That's certainly true, but is easy to remedy. Academics who plan to publish a preprint could offer a copy of the paper to the group of trusted journalists under embargo -- just as they would with traditional papers. One sentence describing why it would be worth reading is all that is required by way of introduction. To the extent that the system works for today's published papers, it will also work for preprints. Some authors may publish without giving journalists time to check with other experts, but that's also true for current papers. Similarly, some journalists may hanker after full press releases that spoon-feed them the results, but if they can't be bothered working it out for themselves, or contacting the researchers and asking for an explanation, they probably wouldn't write a very good article anyway.The other concern relates to the quality of preprints. One of the key differences between a preprint and a paper published in a journal is that the latter usually goes through the process of "peer review", whereby fellow academics read and critique it. But it is widely agreed that the peer review process has serious flaws, as many have pointed out for years -- and as Sheldon himself admits.Indeed, as defenders note, preprints allow far more scrutiny to be applied than with traditional peer review, because they are open for all to read and spot mistakes. There are some new and interesting projects to formalize this kind of open review. Sheldon rightly has particular concerns about papers on public health matters, where lives might be put at risk by erroneous or misleading results. But major preprint sites like bioRxiv (for biology) and the upcoming medRxiv (for medicine and health sciences) are already trying to reduce that problem by actively screening preprints before they are posted.Sheldon certainly raises some valid questions about the impact of preprints on the communication of science to a general audience. None of the issues is insurmountable, but it may require journalists as well as scientists to adapt to the changed landscape. However, changing how things are done is precisely the point about preprints. The present academic publishing system does not promote general access to knowledge that is largely funded by the taxpayer. The attempt by the open access movement to make that happen has arguably been neutered by shrewd moves on the part of traditional publishers, helped by complaisant politicians. Preprints are probably the best hope we have now for achieving a more equitable and efficient way of sharing knowledge and building on it more effectively.Follow me @glynmoody on Twitter or identi.ca, and +glynmoody on Google+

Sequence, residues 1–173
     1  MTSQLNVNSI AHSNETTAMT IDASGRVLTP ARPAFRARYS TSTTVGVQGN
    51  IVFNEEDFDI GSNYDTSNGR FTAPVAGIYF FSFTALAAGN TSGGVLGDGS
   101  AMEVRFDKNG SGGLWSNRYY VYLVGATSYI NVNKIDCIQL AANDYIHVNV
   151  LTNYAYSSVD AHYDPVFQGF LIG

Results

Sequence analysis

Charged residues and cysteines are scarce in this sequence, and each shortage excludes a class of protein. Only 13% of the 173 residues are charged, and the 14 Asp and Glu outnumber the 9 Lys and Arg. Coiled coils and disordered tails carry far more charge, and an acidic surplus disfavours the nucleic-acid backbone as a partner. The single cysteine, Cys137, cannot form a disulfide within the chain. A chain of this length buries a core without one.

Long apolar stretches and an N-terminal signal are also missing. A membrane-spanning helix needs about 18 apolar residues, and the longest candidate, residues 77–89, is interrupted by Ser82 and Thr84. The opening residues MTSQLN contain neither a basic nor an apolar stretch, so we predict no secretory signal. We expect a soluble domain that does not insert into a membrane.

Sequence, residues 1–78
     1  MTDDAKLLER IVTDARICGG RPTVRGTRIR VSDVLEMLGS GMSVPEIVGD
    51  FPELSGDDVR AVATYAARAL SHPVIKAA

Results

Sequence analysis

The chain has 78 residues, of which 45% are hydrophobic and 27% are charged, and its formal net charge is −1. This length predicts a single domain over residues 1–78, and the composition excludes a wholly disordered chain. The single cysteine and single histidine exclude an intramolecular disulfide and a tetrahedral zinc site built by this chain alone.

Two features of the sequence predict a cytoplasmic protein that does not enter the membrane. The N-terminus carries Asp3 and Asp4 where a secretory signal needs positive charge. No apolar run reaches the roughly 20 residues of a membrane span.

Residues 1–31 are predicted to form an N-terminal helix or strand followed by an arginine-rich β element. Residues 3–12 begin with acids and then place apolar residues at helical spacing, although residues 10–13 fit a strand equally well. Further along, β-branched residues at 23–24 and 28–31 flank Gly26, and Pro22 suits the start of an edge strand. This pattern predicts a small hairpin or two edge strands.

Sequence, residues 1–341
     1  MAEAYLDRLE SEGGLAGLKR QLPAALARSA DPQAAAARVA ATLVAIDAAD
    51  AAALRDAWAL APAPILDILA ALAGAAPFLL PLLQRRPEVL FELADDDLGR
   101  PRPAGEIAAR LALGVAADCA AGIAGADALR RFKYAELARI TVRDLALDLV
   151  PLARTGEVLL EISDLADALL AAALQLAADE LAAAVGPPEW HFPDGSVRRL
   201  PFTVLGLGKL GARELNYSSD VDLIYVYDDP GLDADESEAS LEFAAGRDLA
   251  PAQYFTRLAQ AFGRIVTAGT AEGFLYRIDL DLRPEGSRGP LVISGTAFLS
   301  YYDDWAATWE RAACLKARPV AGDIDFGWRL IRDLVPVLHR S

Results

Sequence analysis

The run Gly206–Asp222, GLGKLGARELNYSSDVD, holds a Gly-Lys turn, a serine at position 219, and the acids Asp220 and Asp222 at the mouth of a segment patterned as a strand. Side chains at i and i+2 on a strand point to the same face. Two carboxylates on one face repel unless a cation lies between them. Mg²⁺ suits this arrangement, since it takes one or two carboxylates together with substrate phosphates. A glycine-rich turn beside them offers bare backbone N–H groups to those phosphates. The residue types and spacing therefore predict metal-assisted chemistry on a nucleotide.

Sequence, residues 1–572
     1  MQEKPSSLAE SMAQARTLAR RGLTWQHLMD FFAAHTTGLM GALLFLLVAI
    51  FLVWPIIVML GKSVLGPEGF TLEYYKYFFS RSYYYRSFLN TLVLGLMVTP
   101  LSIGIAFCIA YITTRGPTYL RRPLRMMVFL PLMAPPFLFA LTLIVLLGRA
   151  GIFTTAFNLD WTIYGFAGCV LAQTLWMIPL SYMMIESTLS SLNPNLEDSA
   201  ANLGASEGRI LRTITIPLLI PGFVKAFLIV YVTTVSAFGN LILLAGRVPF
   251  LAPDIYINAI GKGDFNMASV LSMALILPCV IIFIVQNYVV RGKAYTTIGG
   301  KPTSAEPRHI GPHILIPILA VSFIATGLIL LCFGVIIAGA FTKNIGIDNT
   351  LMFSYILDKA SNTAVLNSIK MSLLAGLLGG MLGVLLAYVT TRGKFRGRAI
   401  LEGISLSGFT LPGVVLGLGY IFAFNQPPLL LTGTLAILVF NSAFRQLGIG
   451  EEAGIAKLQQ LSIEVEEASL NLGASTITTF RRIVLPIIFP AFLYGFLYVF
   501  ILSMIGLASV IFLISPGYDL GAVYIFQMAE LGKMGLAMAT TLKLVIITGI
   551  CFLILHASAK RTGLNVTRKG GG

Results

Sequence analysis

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Getting Worse: The Office Of Hawaiian Affairs Jumps Into The Aloha Poke Situation As Chicago Chain Stonewalls

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It's been a week or so since we last checked in on the Aloha Poke situation, so perhaps you were wondering how things were coming along with the Chicago chain that wasn't founded by Hawaiians attempting to bully native Hawaiian poke joints across the country out of using their own language and culture over trademark concerns. You will recall that Aloha Poke Co. had sent cease and desist notices to many poke restaurants that dared to use the ubiquitous Hawaiian term "Aloha" in their names, including to proprietors on the Hawaiian Islands themselves. That many operations throughout the country had been chugging along sharing this name and food culture without issue apparently didn't prevent Aloha Poke Co. from registering "Aloha Poke" as a trademark and then go the bullying route. The last touchstone in all of this was a hundreds-strong planned protest at the company's headquarters in Chicago, which indeed ended up happening.So, how have things gone since? Well, Aloha Poke Co. appears to be simply digging in its heels and trying to ride this storm out rather than backing down, but it's a strategy that doesn't appear to be working all that well. Just this week, the Office of Hawaiian Affairs, an organization that promotes and protects Hawaiian culture, has jumped into the fray, both voicing its displeasure at Aloha Poke Co.'s bullying and essentially filling up its homepage with news about the protests.

In a statement, OHA CEO Kamana’opono Crabbe described the attitude of OHA as “appalled” over the food chain’s trademarks, which uses culturally significant words from ‘lelo Hawai’i, the traditional native Hawaiian language.OHA also asserted that they were currently contacting prominent stakeholders to “discuss possible solutions” to the trademark controversy.The organisation went on to highlight the continuous “commercialisation and exploitation” of traditional Hawaiian culture that hinders attempts to preserve customs and languages in an appropriate manner.